On May 11, 2016, President Obama signed the Defend Trade Secrets Act of 2016 (“DTSA”) into law. The DTSA amends the Economic Espionage Act (which was limited to criminal enforcement of trade secret theft) and provides litigants a federal civil right of action for the misappropriation of trade secrets. Indeed, the DTSA finally recognizes trade secrets as one of the “Big Four” intellectual property assets (along with copyrights, patents, and trademarks) worthy of federal protection.
The DTSA is in some respects similar but in many respects different than its state counterpart, the California Uniform Trade Secrets Act (“CUTSA”), Cal. Civ. Code Sections 3426, et seq., which prior to the DTSA used to exclusively govern trade secrets claims in this State. For instance, like the DTSA, the CUTSA provides plaintiffs remedies, including injunctive relief, damages, restitution, and, in certain cases, attorney’s fees, for the misappropriation of trade secrets. Unlike the CUTSA, the DTSA provides litigants the ability to seek an ex parte civil seizure order (subject to certain safeguards) and contains a significant immunity provision protecting whistleblowers.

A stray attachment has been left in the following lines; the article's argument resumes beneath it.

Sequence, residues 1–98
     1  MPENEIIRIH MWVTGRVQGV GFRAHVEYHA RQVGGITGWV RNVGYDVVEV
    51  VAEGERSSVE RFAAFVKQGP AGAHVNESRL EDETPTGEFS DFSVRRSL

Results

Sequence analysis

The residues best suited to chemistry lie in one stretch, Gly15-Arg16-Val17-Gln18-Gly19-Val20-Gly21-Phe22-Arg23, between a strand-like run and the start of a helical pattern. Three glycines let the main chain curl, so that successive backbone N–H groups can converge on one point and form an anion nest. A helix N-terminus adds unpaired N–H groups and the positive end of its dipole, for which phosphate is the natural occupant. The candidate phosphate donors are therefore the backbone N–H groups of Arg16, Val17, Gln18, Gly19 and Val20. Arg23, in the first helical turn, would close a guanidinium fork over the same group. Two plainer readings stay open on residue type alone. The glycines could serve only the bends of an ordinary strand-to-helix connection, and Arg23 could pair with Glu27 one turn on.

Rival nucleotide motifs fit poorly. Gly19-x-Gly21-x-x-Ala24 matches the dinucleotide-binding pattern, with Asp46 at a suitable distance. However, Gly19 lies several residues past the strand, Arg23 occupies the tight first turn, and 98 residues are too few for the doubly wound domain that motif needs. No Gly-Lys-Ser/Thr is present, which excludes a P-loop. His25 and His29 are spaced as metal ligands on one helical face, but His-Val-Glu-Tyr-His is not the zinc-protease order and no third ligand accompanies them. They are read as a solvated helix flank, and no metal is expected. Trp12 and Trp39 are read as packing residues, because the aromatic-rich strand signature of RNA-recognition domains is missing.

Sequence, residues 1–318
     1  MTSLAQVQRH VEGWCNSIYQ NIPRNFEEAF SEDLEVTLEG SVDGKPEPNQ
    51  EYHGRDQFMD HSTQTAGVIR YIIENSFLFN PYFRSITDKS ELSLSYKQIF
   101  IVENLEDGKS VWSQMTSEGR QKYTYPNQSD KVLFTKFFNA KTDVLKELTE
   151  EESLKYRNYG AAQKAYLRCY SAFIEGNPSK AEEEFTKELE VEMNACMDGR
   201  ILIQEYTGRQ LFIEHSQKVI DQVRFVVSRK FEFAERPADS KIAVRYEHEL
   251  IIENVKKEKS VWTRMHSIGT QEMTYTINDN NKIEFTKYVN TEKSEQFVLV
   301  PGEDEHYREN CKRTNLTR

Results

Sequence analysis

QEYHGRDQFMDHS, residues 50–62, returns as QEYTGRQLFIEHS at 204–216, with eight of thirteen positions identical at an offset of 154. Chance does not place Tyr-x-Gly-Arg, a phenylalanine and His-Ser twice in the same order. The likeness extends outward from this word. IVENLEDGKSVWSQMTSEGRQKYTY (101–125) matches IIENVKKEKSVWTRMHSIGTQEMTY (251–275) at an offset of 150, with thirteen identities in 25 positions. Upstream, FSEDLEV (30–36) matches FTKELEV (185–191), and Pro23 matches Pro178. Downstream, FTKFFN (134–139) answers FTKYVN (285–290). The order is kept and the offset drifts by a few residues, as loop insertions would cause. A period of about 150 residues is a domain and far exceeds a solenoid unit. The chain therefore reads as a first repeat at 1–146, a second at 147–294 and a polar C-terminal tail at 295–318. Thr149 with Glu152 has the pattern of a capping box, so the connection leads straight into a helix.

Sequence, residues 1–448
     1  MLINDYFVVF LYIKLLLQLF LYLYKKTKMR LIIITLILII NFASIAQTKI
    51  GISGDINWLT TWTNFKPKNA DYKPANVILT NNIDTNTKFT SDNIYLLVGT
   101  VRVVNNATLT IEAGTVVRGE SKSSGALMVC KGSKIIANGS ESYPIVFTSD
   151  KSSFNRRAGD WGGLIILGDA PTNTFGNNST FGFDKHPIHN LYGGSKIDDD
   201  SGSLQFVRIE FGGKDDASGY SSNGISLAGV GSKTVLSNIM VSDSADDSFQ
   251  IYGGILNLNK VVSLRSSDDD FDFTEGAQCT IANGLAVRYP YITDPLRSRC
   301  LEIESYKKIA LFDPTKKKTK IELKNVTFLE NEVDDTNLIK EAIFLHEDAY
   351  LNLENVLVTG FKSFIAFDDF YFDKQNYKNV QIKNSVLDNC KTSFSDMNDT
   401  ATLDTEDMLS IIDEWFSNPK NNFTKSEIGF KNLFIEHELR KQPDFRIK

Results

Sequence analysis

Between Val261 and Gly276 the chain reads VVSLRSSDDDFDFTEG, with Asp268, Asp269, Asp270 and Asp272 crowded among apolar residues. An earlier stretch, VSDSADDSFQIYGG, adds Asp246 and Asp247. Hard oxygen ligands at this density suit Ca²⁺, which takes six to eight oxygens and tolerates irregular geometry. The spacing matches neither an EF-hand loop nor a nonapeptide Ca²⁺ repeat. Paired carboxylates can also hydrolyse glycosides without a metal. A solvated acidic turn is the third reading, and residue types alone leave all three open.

That immunity provision requires an employer to provide notice of the immunity in any contract or agreement with an “employee” (a term that is defined to also include independent contractors and consultants). If an employer fails to comply with this notice requirement, an employer is prevented from recovering exemplary damages and attorney’s fees on claims brought under the DTSA.
The DTSA passed by an overwhelming margin in the House of Representatives and by unanimous vote in the Senate. The DTSA’s enactment into law provides litigants with yet another tool to help protect and remedy the theft of their valuable intellectual property assets.
Written by Arash Beral, Partner
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